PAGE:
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Is Political Correctness the Bigot's Best Friend?

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It is natural for many people to want to muzzle the people they disagree with. Rather than debate, or tolerate, or ignore, there is a large contingent that would just as soon forcibly shut up their dissidents with the aim of creating society in their image, no exceptions.

And so, in a culture of supposedly free speech where this isn't legal (yet), we instead have "political correctness" where social pressure is applied to people who don't toe whatever party line is being applied at the moment.

The story goes that after an endless parade of euphemism, careful expressions and purposeful waterings down of ideas are foisted on the people by an enlightened few, paradise shall follow soon after. But, of course, we're talking about people here, so paradise is never found. Instead, the mandarins who came up with "mentally-handicapped" decide that they need some more press, so they come up with "differently-abled", or that Halloween costume depictions of a historical figure are insensitive. Maybe the term "mandarin" is insensitive.

So, rather than promoting a polite society, it does quite the opposite. Political correctness only serves to supercharge the old, insensitive speech and habits of the past. 

By making simple words and ideas completely taboo, they become completely taboo, which in a world of gigantic, Photoshopped naked people having simulated sex on every imaginable screen, billboard and printed article, is an awfully rare concept. Practically nothing is forbidden except politically incorrect speech, and that makes it tremendously powerful.

In the 1970's, a flamboyant racist might be discredited, as Earl Butz was in 1976 when he privately remarked that "I'll tell you what the coloreds want: a tight pussy, loose shoes and a warm place to shit." He resigned, and that is about right in my opinion. It took zero courage to privately say what Butz said in 1976, and so it only revealed his massively poor opinion of black people.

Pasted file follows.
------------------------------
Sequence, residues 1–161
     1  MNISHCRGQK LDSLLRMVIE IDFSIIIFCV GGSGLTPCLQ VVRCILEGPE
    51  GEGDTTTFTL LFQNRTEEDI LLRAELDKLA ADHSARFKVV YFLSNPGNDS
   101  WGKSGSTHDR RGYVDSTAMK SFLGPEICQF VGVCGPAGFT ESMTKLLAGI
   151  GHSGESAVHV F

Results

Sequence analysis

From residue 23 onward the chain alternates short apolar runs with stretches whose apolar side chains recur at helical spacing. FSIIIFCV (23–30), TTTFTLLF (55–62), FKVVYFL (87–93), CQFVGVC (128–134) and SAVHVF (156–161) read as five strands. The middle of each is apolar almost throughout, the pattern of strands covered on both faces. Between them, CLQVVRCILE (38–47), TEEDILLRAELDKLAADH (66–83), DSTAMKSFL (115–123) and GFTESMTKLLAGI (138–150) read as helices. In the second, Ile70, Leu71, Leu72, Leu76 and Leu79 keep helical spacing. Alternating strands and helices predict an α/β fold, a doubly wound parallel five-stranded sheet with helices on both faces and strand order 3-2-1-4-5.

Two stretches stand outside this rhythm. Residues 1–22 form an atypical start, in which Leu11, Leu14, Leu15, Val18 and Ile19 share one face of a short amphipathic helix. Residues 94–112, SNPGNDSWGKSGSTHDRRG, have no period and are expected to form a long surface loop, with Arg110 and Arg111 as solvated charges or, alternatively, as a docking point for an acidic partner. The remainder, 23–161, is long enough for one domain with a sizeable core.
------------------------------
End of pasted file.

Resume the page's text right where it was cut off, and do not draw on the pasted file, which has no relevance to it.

On the other hand, in 2015, when a person picks up this glowing Excalibur of wild, vulgar ideas, people can't help but stand slack-jawed in amazement as someone actually has the gall to publicly say such things. 

The national attention and breathless coverage of the unapologetic Trump campaign is amazing, as he drives his 10 million ton gaffe-train through the now-delicate national psyche, throwing out Mexican rapists and banning Muslims all along the way.

Unfortunately, it belies audacity and fearlessness to defy political correctness and say bigoted things. Perhaps it also belies stupidity, but for the billions in free press that Trump has been getting, it mostly seems to be clever. A careful Trump campaign would have gone nowhere.

Before the advent of social shaming, a bigoted statement only spoke negatively about the speaker. Now the speaker is ensconced in a sense of social rebellion, plucking the forbidden fruit, and appearing to have a great deal of courage, foolhardy or not.

If someone uses politically incorrect language, you might be right to assume they mean what they say, since there is tremendous social cost assigned to using it. Such language is expensive, powerful and rare, and it holds more effect over people than any other speech. Rather than muting the bigot, political correctness has only served to attract attention to and amplify the bigots words to a much greater extent than ever before.

Richard is an engineer by day, and a political activist by night, fighting would-be totalitarians and government busybodies everywhere.